By Sean Graham
The connection between political identity and consumer habits has received plenty of attention in recent years. I’ve wondered how much the landmark 2010 Citizens United Supreme Court decision in the United States, which determined that limiting independent political spending from corporations and other groups violated the First Amendment, has renewed interest in how individuals can use their role as consumer to voice to their political views. In a world where “Your Vote Almost Certainly Won’t Matter” is a real headline in a national newspaper, it is understandable that more and more people are exploring the impact of voting with their wallet.
The idea of political consumerism is not new, of course, as there have always been individuals and groups who have decided where to spend their money based on political motivations. During the ‘Jazz Age’ of the 1920s, for instance, plenty of consumers focused their energy on supporting the public good with their purchases. Over a decade later, Canada saw the emergence of community-based organizations that advocated for policies like price control.
This is the subject of Julie Guard’s book Radical Housewives: Price Wars and Food Politics in Mid-Twentieth Century Canada. Guard describes the Housewives Consumer Association and its local off-shoots as they pressured the government to implement policies and programs that provided greater protection to consumers. Leveraging their social position as mothers, the women who participated in this movement worked to popularize socialist economic policies. In tracing the movement from the late 1930s through the early 1950s, Guard demonstrates how the group used political consumerism and politicized materialism to navigate the changing social, political, and economic landscape of the mid-20th century.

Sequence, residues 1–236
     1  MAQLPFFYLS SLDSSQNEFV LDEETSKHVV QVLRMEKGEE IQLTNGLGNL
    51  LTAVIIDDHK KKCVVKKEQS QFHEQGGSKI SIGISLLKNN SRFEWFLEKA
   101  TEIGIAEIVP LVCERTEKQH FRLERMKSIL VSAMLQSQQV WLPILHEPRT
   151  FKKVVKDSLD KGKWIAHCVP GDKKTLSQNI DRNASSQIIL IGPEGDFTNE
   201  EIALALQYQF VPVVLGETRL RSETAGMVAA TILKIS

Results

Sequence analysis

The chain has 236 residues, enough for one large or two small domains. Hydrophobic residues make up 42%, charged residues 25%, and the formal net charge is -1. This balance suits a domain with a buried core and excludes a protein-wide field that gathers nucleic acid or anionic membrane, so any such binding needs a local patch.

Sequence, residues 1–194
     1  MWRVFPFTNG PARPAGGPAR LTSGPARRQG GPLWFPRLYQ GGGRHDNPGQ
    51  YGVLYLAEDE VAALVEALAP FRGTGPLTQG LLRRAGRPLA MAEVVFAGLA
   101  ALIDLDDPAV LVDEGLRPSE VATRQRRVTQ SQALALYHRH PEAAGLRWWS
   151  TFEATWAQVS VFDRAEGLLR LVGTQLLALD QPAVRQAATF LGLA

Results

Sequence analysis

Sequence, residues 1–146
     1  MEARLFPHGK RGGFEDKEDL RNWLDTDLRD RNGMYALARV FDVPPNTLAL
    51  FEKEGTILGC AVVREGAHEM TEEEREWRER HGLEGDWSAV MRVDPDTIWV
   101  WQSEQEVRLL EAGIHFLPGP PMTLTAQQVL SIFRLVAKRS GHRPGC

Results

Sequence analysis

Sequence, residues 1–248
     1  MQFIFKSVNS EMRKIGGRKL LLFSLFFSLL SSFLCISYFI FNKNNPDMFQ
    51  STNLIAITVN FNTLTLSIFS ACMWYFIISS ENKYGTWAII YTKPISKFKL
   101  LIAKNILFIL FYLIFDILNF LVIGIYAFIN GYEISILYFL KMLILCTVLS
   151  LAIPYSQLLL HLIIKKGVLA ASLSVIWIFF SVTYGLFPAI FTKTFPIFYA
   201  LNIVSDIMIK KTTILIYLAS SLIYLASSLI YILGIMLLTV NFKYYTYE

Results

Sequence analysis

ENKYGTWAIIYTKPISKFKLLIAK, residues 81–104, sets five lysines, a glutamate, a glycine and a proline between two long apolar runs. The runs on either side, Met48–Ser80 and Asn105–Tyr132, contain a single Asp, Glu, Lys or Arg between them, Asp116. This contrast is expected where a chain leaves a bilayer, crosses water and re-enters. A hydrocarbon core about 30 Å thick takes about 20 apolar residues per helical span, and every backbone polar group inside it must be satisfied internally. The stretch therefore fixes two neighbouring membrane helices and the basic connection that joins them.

In this episode of the History Slam, I talk with Professor Guard about the book. We talk about the creation of the Housewives Consumer Association, who its members were, and what types of pressure they put on the government. We also discuss how public perception of them changed across the decades, the efficacy of political consumerism, and how these women’s stories can inform contemporary political discussions.
Sean Graham is a historian with Parks Canada, an Adjunct Professor at Carleton University, and a contributing editor with Activehistory.ca